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See how Apple Accessibility transforms lives, working hand-in-hand with HomeKit [Video]

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For severely disabled people, it’s no exaggeration to say that Apple Accessibility transforms lives – but it can be difficult to appreciate the impact that even minor-sounding changes can make until you see it for yourself.

Colin Hughes is a former TV producer and now disability campaigner who kindly showed me around his home to see how he uses both Accessibility features and HomeKit control to maximize the independence he retains over his daily life …

HomeKit can also be an Accessibility feature

A point often made about Accessibility features is that they can also benefit others, not just the intended users.

For example, closed captions on videos were initially designed for people who are deaf or hard of hearing, but now many people like to use captions – whether it’s to help with accents, or simply to be able to watch shows with the sound off.

Automatic doors were first intended for use by those who use wheelchairs and crutches, but now also benefit shoppers who have their hands full.

Screen readers were intended to help blind and visually impaired people, but things like having incoming messages read to us when we’re driving has been a big benefit to many.

The same is true in reverse of smart home tech. While this may be aimed at those who want a futuristic home, the technology also helps those with disabilities do everyday things like switch on kettles or write emails.

Hughes’ apartment has some bespoke devices – like a Siri-controlled front door opener – but most of it is simply taking advantage of standard Apple Accessibility features, and ordinary smart home products.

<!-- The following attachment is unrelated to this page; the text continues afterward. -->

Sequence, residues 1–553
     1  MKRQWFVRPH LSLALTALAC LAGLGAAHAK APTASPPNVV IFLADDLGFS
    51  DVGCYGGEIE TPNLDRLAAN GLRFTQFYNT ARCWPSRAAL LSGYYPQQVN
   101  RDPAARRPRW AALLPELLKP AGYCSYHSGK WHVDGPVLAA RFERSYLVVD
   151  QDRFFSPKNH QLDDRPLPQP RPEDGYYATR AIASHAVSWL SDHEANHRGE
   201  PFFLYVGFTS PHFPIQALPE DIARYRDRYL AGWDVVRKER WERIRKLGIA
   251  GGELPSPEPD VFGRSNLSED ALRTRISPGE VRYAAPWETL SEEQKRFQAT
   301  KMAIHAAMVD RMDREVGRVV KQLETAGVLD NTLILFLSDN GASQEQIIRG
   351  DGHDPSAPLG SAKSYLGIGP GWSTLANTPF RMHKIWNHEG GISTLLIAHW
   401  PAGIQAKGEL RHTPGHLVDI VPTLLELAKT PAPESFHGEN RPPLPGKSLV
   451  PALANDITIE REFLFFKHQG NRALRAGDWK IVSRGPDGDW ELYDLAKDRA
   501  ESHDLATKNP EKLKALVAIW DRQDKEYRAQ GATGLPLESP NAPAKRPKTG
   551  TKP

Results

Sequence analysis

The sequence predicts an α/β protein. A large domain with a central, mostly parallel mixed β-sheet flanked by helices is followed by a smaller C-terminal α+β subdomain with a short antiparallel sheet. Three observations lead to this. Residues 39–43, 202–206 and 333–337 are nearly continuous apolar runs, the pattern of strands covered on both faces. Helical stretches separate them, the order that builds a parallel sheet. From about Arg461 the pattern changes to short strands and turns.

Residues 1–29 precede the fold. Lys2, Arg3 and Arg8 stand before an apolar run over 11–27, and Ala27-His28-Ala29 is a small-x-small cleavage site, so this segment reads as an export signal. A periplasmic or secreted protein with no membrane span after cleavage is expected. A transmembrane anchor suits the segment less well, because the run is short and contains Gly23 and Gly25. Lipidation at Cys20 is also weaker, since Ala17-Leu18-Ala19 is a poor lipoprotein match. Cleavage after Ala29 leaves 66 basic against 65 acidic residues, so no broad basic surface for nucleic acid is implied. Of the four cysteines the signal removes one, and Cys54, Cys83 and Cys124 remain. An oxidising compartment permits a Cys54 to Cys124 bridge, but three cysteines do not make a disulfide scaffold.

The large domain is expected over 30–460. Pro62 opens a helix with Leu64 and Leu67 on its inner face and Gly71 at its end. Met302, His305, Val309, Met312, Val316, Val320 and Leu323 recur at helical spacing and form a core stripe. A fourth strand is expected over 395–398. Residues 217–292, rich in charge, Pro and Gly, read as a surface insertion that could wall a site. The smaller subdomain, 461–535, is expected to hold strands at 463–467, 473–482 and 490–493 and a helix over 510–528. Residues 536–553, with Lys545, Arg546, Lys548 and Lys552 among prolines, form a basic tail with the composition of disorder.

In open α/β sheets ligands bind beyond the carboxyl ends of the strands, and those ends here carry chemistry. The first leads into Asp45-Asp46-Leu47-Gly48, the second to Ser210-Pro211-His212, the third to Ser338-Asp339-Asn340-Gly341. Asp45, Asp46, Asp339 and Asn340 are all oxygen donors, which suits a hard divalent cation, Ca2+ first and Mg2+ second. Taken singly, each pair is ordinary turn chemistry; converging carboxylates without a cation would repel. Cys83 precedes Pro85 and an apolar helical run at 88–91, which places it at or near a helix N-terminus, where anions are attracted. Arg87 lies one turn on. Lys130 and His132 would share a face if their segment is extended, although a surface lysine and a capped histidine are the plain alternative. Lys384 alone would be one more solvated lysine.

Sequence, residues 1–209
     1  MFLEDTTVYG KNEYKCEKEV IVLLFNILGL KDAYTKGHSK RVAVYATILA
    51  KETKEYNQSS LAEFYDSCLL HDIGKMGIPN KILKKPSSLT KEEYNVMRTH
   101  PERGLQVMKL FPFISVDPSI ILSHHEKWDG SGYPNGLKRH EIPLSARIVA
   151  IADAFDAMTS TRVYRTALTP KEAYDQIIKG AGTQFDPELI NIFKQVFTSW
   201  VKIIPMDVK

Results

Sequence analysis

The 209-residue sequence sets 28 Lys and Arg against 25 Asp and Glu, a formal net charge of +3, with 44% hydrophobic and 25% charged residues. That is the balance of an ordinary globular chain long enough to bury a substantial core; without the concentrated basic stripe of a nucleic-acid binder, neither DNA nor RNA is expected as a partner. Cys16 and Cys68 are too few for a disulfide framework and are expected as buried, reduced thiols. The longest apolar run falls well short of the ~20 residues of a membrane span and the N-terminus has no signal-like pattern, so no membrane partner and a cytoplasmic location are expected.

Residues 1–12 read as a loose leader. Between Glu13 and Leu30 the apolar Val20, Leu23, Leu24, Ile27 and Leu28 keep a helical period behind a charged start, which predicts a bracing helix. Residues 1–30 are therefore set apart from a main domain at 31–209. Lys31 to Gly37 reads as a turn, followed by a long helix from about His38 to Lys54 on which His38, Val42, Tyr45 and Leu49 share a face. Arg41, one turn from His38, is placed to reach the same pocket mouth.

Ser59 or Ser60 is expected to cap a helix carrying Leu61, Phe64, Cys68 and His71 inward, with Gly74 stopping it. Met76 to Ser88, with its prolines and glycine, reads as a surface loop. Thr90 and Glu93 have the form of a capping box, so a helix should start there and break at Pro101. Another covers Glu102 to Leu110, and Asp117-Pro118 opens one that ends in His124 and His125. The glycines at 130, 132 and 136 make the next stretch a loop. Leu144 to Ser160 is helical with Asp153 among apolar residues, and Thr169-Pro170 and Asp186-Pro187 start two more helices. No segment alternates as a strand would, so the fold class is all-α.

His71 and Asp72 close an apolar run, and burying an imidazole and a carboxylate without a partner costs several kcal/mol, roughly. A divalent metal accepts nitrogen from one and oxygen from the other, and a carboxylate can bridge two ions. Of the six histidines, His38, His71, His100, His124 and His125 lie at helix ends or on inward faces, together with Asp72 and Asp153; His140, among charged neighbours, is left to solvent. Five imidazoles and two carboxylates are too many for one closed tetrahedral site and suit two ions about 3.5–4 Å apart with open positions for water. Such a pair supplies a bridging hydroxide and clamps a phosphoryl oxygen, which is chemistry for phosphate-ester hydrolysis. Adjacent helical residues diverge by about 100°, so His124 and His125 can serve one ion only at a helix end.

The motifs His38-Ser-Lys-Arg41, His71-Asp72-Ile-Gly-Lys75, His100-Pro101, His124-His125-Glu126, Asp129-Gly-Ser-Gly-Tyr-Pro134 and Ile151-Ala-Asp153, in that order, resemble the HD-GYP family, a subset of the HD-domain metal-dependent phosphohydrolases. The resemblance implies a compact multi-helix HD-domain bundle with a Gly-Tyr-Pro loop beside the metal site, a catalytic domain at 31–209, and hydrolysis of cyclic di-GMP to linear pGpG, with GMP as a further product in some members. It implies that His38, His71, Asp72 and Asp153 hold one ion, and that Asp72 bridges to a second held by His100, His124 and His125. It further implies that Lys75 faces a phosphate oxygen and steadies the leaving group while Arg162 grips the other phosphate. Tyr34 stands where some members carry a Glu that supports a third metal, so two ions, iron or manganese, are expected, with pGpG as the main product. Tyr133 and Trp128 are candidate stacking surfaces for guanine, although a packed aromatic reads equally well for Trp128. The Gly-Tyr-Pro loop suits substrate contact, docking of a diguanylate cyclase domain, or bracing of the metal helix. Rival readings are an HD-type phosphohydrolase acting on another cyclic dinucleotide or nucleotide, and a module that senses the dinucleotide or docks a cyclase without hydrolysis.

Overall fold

Independence is all

One of the greatest frustrations for people with disabilities is how they can be left dependent on other people to do everyday things. For Hughes, the best thing about Accessibility and HomeKit is the independence it gives him.

There are still some areas in life where he needs help, like getting out of bed in the morning, but the thing which really stands out from the day-in-the-life video below is just how much freedom he has to take charge of his own day.

A day in the life

The video below illustrates a typical day in Hughes’ life, and all the roles played by Accessibility features and smart home kit. Colin also explains just what a difference these things make to his life.

(To prevent unwanted Siri activations on your devices, I have cut out the “Hey Siri” part of all voice commands.)

It’s the little things

Sometimes it can be the smallest things that make the difference. For example, we’ve long been able to ask Siri to place a phone call, but there was no way to ask Siri to hang up. That left Hughes dependent on the person on the other end of the call to do so – or left him stuck after leaving a voicemail.

That’s something Apple fixed in iOS 16 – and it meant a huge amount.

I’m not one for public displays of emotion, but being able to hang up my own phone calls on my iPhone for the first time ever, hands-free, with just my voice, was a special moment! Lump in the throat, a well up in the eyes moment!

The sheer relief of finally being able to do what so many people take for granted was a special moment I won’t forget.